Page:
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Kindergarten Testing Programs

Kindergarten Testing Programs

By Dr. Kenneth Shore

Most school districts conduct kindergarten screening programs to identify children about to enter kindergarten who may be in need of special help. These results are also used to assess the strengths and weaknesses of incoming kindergarten students and thus guide teachers in designing appropriate programs. In addition, school districts may use the results to identify low-performing children who may benefit from being held out of kindergarten for a year.

If your district has such a program, you and your child will likely be invited to school during the spring prior to her kindergarten entry. A school staff member, perhaps even a kindergarten teacher, will give your child a relatively anxiety-free, 20- to 30-minute test in an effort to gauge her academic readiness, language development, and visual-motor skills. For example, she may be asked to draw a picture of a person, answer the question “What barks?,” and name objects that you ride. A commonly used test to assess entering kindergartners is the Gesell School Readiness Screening Test. Screening tests generally yield a developmental age score. If your child receives a developmental age of 4 years 6 months on a test, this means that her school readiness skills are comparable to that of an average 4 year 6 month child. Advocates of kindergarten screening maintain that a child’s developmental age is a better measure of her readiness for kindergarten than her chronological age.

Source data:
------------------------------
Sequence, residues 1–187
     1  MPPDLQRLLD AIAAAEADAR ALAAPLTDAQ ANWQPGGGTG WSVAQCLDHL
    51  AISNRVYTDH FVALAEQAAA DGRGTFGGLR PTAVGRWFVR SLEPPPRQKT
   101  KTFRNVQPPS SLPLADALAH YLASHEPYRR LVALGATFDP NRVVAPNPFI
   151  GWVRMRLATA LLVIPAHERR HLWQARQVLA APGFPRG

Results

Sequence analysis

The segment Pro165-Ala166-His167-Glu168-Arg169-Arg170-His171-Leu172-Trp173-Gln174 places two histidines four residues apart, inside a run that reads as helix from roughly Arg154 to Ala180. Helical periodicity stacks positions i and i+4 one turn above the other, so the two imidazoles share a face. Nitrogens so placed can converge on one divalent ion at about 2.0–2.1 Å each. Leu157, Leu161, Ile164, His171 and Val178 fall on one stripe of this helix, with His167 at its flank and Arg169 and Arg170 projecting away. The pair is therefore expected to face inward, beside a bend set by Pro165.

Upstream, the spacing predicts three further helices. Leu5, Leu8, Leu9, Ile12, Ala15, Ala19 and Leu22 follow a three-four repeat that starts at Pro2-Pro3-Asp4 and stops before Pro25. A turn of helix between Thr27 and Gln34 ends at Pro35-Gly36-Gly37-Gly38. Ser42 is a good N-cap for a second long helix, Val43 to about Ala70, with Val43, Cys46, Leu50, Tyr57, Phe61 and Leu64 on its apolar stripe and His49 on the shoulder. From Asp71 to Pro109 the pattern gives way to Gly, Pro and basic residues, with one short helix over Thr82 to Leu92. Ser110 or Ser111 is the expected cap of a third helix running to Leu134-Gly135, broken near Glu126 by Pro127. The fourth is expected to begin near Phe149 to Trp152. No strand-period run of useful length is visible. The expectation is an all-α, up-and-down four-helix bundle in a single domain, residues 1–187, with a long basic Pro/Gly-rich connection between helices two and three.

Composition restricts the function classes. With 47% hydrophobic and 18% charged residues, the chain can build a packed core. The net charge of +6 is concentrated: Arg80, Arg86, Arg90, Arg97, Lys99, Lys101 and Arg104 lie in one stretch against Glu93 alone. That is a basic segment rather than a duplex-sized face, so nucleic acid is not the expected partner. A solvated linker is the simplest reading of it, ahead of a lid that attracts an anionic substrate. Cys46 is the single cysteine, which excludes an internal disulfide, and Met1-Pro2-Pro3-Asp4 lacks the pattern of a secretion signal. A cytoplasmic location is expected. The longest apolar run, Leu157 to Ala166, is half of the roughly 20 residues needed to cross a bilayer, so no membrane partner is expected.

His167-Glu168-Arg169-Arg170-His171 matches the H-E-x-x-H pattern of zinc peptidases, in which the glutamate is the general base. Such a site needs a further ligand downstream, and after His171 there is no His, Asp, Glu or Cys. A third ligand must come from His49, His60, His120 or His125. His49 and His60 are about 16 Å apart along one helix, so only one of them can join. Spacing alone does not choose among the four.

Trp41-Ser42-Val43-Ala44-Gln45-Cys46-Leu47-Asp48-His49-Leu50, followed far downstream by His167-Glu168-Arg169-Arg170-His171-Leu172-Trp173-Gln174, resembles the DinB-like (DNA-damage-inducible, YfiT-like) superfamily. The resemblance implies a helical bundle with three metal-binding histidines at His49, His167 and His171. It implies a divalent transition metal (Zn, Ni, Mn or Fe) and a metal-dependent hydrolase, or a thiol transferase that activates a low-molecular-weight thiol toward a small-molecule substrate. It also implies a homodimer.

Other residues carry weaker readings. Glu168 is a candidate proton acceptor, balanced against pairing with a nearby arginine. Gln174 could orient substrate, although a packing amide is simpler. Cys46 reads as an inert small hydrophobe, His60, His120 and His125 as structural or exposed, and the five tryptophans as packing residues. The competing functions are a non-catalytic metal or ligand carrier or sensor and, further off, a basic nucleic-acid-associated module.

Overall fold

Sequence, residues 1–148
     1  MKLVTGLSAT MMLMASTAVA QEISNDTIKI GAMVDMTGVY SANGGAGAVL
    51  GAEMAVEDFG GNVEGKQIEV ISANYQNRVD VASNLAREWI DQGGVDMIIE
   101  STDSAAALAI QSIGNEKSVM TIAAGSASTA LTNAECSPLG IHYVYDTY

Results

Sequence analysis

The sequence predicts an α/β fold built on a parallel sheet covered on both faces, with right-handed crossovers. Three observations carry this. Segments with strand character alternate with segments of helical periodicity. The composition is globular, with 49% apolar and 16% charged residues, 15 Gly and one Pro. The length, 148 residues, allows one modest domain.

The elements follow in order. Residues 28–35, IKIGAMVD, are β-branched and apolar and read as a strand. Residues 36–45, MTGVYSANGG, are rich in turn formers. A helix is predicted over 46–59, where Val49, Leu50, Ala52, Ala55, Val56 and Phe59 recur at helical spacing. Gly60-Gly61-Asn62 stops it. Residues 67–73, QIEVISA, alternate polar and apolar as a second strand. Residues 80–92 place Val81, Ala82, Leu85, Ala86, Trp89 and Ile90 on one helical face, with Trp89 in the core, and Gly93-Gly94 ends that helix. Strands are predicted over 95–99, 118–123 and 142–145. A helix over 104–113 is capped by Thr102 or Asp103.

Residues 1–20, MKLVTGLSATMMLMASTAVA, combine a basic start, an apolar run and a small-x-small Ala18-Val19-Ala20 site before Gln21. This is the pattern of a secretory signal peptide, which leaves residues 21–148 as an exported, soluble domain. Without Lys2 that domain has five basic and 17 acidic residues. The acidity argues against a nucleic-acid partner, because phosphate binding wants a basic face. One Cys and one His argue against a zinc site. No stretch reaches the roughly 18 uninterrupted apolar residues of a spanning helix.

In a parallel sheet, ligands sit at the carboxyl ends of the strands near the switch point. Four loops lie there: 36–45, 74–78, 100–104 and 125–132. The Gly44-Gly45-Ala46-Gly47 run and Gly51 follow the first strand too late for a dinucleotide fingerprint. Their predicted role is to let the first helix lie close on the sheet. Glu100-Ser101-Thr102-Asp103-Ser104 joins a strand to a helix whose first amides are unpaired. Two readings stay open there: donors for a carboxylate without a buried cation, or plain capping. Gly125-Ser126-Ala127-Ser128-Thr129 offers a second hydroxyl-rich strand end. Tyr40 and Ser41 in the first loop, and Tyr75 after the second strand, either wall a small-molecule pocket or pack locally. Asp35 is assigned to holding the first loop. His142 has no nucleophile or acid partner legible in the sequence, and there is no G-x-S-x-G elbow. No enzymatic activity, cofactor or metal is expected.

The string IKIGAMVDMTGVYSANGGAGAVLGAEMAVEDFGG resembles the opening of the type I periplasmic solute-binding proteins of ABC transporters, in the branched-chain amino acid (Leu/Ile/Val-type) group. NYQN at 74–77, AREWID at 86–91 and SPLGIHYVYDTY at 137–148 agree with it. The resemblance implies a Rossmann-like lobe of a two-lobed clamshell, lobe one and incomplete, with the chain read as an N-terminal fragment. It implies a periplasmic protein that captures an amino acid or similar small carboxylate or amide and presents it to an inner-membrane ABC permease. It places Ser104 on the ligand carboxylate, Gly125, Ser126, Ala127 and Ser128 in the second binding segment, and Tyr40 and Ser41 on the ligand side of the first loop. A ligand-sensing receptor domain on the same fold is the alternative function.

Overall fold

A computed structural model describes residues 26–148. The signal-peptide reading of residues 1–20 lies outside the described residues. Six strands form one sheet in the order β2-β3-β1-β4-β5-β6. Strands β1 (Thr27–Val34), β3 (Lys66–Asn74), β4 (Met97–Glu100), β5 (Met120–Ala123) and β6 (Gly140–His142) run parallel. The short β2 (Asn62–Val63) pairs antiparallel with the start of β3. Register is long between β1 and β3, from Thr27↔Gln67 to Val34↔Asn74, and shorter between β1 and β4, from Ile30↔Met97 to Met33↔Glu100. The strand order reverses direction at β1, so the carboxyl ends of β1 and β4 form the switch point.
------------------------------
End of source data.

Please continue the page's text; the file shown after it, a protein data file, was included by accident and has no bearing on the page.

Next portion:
These screening tests have been attacked for being invalid and unreliable measures of a child’s abilities. Critics maintain that important decisions about a child’s schooling (for example, when a child should start kindergarten) should not be based on tests which are prone to inaccurate or misleading results. They also contend that that these test results may lower teacher expectations of student performance and engender feelings of failure with those who have difficulty. The weight given to these results in some districts has led to the unfortunate trend of some parents actually helping their children “study” for these tests.

Whatever test is used, the results should be interpreted with caution when administered to four- or five-year olds. Young children are especially vulnerable to distraction or distress while taking a test and thus the results are often not a fair measure of their true ability. Moreover, children this young are going through spurts of development, cognitive as well as physical, so that the results administered in the spring may not accurately represent the child’s skills and abilities in the fall.

The results can provide useful information about a child’s present developmental level but they should never be used as the sole barometer of a child’s ability. More importantly, they should never serve as the sole determinant of a child’s school placement, in effect as an admission test. That decision should be based on parent and teacher observations in conjunction with the test results.

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